I step into my flip flops when I get to the gate and I see my dad coming toward me. “You ready to go meet the new campers?” he asks, dropping his arm around my shoulders. He’s one of very few people I allow to touch me. If anybody else grabbed me like he does, I would have to take him out. Dad smiles at me and kisses my forehead.
My mom comes around the corner of the house and catches up with us, and she has my brother Lincoln in tow. Link doesn’t like to hold hands with anyone, and he rarely looks anyone in the eye, but he looks like your average kid in every other way. Only he’s not average. He’s autistic. He speaks when he wants to speak, and when he doesn’t… well, there’s not much of a chance of getting anything out of him. We’ve had a lot of kids with autism at the camp and they all have different challenges, and not one is like another. I hold out my hand for Link to give me five. He grins in that sideways way he does, and it still makes my heart turn over even after all these years.
“The prison bus is here,” my mom warns.
“I’ll go talk to them,” my dad says. “You go unload the kids and help them get settled.”
I really want to go and find Pete, but instead I have to help settle kids into their cabins. Some of them have caregivers. Some of them don’t. Some of them have a parent with them. The ones who don’t will have a camp counselor assigned to their care. They’ll sleep with the boys and hang out with the boys and make sure they eat, drink, take their meds and shower. The counselors are all from the local hospital. Some are medical students. The youth offenders won’t be responsible for the kids’ needs at all. They’ll interact with them, but in a very small way.
My mom gives me a clipboard and we pin color coded name tags to all their shirts so we will know who the non-verbal ones are at all times. I read through the descriptions, see what their challenges are, and make notes in my head about each of their special needs.
The boys are always fun. We had girls here last month, and the girls are more of a challenge. They always have drama. Boys are just boys, and they want to ride the horses and swim in the pool and have a good time. They want to be boys in the most basic sense of the word. And this is where they can do it.
When the kids are all settled, I go to find my dad. He’s sitting on the top of a picnic table with his elbows on his knees, his hands dangling down between his thighs. He’s giving them the speech I’ve heard every year since I was eleven.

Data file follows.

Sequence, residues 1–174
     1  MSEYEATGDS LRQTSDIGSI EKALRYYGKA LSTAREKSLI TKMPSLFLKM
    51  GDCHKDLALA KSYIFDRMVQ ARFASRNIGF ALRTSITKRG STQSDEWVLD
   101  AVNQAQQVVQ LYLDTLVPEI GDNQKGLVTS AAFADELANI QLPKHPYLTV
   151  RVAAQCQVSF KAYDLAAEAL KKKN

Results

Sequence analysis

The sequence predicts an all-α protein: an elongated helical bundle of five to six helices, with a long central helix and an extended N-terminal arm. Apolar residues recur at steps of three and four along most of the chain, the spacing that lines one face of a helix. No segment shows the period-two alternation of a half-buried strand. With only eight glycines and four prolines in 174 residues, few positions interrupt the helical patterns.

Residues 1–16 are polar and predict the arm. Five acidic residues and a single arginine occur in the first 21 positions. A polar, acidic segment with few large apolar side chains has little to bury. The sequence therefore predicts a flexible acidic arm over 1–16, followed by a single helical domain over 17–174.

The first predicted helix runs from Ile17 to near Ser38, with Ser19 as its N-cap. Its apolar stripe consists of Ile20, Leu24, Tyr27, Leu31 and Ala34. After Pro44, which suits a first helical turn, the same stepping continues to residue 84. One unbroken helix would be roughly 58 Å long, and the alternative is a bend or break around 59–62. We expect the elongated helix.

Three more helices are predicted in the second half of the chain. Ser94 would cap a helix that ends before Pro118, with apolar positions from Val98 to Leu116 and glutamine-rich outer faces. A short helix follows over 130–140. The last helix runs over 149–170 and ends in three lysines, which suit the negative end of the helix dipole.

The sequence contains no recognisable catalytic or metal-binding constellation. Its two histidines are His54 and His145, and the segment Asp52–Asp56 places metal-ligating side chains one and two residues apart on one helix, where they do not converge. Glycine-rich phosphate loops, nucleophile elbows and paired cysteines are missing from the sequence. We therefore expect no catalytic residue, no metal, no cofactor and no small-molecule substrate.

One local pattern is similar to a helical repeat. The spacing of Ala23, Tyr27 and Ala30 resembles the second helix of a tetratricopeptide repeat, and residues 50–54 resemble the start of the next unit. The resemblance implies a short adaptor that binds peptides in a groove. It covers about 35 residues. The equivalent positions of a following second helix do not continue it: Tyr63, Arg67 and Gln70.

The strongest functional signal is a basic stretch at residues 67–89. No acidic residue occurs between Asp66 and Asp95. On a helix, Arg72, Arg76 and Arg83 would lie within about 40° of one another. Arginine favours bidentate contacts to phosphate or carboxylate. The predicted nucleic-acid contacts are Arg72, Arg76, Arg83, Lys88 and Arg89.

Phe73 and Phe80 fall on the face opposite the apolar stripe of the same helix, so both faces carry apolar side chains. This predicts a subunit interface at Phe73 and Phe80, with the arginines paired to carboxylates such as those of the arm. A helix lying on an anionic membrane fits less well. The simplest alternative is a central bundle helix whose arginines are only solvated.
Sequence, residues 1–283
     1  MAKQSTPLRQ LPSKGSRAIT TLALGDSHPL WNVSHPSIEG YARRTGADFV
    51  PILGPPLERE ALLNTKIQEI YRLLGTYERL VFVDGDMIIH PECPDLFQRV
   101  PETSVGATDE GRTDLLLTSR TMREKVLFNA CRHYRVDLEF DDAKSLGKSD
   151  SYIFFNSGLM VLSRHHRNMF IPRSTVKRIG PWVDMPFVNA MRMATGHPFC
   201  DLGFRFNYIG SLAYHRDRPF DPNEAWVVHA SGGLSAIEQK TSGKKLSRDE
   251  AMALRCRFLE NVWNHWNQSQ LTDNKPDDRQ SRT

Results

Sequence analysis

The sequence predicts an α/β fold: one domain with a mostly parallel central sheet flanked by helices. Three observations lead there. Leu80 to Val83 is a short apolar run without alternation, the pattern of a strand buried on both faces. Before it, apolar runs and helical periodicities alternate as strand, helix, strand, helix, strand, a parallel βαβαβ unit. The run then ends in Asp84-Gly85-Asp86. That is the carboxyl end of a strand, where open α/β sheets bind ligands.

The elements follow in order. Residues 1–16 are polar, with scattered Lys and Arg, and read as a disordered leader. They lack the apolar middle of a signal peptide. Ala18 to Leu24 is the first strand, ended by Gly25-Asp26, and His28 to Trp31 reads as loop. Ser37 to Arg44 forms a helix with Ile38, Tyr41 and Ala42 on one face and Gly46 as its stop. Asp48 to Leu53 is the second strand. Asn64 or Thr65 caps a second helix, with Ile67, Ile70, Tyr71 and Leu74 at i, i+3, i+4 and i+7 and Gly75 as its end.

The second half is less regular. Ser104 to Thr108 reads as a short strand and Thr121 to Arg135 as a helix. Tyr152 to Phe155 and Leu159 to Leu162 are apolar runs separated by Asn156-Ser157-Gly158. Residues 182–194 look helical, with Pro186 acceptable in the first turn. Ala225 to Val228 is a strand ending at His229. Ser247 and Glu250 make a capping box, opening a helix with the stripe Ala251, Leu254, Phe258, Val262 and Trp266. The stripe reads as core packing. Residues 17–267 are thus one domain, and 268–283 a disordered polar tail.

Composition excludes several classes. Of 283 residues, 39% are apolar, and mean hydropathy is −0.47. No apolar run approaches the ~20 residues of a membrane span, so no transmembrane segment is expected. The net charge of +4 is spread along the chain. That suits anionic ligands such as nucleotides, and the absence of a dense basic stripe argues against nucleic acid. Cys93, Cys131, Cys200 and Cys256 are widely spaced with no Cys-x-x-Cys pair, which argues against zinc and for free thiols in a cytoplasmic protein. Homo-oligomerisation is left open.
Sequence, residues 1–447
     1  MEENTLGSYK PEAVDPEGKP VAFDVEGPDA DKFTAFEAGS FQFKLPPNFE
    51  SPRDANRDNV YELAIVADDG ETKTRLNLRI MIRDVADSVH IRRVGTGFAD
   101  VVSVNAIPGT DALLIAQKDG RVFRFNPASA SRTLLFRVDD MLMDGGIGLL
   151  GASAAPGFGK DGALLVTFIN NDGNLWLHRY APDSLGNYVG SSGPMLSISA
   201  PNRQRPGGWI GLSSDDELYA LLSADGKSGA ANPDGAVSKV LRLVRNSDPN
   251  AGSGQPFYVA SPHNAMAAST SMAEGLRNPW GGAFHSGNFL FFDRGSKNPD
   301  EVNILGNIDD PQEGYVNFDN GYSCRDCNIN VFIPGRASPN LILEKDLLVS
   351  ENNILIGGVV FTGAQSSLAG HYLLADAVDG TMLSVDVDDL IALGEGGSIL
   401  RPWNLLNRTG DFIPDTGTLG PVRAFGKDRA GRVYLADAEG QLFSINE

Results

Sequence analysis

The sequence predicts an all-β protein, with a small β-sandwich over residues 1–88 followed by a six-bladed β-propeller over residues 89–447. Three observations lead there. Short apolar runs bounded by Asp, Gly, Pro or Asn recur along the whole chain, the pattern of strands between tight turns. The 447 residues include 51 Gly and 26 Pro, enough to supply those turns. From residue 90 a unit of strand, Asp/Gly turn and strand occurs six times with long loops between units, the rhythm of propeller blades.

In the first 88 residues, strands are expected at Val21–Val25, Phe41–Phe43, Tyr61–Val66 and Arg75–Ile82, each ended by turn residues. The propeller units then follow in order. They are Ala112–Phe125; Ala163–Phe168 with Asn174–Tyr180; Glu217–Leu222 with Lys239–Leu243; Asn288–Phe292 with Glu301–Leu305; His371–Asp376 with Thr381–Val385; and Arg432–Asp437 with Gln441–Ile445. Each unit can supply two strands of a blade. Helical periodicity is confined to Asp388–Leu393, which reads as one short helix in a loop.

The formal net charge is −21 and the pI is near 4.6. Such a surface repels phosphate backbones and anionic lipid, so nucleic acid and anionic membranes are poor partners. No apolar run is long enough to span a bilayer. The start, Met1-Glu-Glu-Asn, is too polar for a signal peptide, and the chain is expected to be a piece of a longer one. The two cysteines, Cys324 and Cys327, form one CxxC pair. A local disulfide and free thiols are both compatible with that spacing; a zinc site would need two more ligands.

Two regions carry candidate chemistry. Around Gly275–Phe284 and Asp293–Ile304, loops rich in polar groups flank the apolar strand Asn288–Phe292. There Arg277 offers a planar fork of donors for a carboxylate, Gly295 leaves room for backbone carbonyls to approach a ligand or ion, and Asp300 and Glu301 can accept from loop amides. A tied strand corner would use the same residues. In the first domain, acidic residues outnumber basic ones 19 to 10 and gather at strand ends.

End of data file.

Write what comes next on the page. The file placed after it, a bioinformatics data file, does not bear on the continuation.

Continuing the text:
“You’ve been given a lot of responsibility, and I just hope you’re up to it,” he says. He holds up a single finger. I stand behind a tree and smile, because I know this part of the speech. “I have one rule,” he says. “If you break it, I’ll send you back to the center immediately.”
The young men all look at him with expectant faces. “My daughter is home for the summer from college. If you touch her, if you look at her, if you talk to her, if you think inappropriate thoughts about her, I will chop your nuts off while you sleep.” He picks up a hatchet he had on the picnic table for dramatic effect and slams it into the wood. He waits for a minute and I see the young men all ball into themselves. I cover my mouth to hold in a laugh. It’s always the same routine. He threatens and then they spend the week avoiding me.
I stand there a little longer, until I feel like he’s done, and then I get ready to go and talk to my dad. He’s with the parole officer so I wait. I turn and lift my foot to take a step, but the tip of my flip flop gets caught on a tree root and I trip, my hands flailing as I careen toward the ground. But before it happens, strong arms catch me and I tumble into something solid.
I roll over and look down. I brush my hair back from my face. I’m laying half way across Pete and he’s holding his hands out to the side to keep from touching me. I scamper to roll off of him.
“Shit,” he grunts as he lumbers to his feet. “Ten bucks says you’re the daughter.”
I close my eyes for a second and try to control my breaths. I have wanted to talk to this man for almost two and a half years. But he looks at me like he doesn’t know me.
“And there go my nuts.”
My gaze slices to meet his. His eyes twinkle.
He jerks his thumb toward my father. “He was serious about the hatchet, wasn’t he?”
He looks so worried that I feel a bubble of laughter building within me, replacing hurt that came with him not recognizing me. “’Fraid so,” I say, biting back a grin.
“Figures,” he mumbles, and he walks toward his cabin, shaking his head. I watch him walk away. He doesn’t remember me.